Phimosis Therapy Can Help Children Struggling with This Condition

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A growing movement away from circumcision has caused a larger number of parents to retain their son's foreskin on their penis after birth. However, this has also caused more parents to discover phimosis, a problem that affects a child's foreskin and which may cause serious pain. Thankfully, there are treatments that can help minimize the problems associated with this condition.

What Is Phimosis?

Phimosis is a problem that makes pulling the foreskin away from the penis nearly impossible. While this condition is not dangerous in most cases, it can cause pain when a boy urinates and may make it hard to clean the skin at the tip of their penis. Failure to clean this area could lead to infections and may cause more issues with their overall genital health.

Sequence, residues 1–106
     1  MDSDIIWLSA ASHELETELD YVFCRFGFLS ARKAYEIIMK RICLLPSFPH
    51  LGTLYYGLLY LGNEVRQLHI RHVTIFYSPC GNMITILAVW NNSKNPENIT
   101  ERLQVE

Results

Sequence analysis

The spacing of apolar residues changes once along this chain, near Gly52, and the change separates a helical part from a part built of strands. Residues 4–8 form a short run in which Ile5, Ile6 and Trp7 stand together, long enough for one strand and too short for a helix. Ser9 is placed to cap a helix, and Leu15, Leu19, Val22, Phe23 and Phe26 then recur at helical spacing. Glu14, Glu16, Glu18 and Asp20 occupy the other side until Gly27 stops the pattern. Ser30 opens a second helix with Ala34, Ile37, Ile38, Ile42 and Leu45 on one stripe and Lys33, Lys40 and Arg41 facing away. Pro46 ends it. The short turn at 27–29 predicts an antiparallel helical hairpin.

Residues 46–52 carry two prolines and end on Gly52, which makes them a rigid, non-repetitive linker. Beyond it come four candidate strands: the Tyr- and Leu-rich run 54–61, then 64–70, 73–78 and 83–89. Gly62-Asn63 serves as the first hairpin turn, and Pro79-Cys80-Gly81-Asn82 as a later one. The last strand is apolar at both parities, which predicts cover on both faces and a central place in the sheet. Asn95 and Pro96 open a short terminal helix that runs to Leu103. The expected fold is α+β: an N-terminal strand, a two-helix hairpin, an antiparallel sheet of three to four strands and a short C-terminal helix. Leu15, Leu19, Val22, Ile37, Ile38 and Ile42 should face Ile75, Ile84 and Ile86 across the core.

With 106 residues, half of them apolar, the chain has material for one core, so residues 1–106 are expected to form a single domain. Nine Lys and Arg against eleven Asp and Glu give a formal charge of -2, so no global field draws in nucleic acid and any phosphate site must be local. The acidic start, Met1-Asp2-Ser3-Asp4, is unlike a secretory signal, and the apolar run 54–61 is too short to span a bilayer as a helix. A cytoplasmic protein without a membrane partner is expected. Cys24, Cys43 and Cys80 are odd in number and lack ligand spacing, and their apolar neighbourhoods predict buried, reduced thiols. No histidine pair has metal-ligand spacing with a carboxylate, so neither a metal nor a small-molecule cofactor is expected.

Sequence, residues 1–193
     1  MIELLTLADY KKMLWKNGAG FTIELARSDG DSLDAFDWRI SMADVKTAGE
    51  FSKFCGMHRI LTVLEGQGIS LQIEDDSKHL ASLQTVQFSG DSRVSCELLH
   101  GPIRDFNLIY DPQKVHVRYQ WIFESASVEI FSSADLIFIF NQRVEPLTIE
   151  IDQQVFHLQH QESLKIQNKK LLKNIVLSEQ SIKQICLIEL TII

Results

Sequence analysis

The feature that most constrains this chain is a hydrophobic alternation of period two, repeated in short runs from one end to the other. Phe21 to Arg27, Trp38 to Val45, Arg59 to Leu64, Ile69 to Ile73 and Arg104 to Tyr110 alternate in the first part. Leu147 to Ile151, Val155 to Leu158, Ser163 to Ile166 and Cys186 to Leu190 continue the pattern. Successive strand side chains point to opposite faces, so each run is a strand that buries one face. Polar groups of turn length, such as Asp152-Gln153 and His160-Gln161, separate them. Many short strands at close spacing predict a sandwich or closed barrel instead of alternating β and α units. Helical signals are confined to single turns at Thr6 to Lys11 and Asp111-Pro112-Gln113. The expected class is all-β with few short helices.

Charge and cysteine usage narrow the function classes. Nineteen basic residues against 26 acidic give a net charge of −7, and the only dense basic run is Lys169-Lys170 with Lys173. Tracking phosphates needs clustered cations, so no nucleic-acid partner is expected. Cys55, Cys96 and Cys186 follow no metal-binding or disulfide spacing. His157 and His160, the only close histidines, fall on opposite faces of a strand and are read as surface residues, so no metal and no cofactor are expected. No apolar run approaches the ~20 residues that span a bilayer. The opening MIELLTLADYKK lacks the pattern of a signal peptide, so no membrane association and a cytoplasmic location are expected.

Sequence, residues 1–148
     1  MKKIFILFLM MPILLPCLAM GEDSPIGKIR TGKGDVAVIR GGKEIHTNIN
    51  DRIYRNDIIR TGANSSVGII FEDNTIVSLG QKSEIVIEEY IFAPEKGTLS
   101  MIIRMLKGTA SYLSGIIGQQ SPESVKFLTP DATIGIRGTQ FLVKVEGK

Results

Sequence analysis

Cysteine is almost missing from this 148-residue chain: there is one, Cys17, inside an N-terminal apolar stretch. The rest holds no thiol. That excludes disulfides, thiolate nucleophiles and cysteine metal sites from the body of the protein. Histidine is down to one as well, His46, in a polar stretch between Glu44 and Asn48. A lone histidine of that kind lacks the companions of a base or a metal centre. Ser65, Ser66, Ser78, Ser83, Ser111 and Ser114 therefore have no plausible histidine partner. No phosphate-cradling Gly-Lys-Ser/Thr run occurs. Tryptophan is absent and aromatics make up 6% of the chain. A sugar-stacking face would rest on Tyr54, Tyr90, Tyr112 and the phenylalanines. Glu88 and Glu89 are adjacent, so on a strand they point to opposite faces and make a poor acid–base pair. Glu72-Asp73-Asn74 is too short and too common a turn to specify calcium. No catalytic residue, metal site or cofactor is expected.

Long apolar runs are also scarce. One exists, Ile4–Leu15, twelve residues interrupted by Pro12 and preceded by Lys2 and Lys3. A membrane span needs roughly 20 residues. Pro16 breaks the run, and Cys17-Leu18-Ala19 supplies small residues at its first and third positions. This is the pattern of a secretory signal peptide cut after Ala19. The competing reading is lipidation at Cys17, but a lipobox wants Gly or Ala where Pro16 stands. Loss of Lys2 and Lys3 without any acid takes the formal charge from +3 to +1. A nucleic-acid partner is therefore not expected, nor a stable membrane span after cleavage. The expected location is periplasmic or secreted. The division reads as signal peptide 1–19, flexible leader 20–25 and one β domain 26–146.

In some cases, phimosis may even trigger sexual concerns later in a boy's life and may even cause trouble urinating that may linger into adulthood. Managing this concern requires a series of treatments that help to remove the foreskin from the head and make it easier to pull back. This care option is better done earlier in a child's life to ensure that they live comfortably and safely.

Getting Phimosis Treatment

Phimosis cures focus on carefully pulling the skin back from the child's penis and stretching the skin to ensure that it doesn't grow back against the head. Surgeons can perform this treatment as an outpatient procedure in a few hours or less. They typically perform this process by:

Phimosis aftercare may include pain medication and checkups with the doctor to assess any complication risk. The doctor may also check to ensure that the skin isn't growing back into the head to ensure that more surgical methods aren't necessary later in a child's life.

Scheduling This Therapy

Parents concerned about their child's phimosis should seek treatment right away to ensure that they get the attention that they need. Waiting only causes this problem to worsen and may make treatment more difficult later. Talking with your child can help with this process.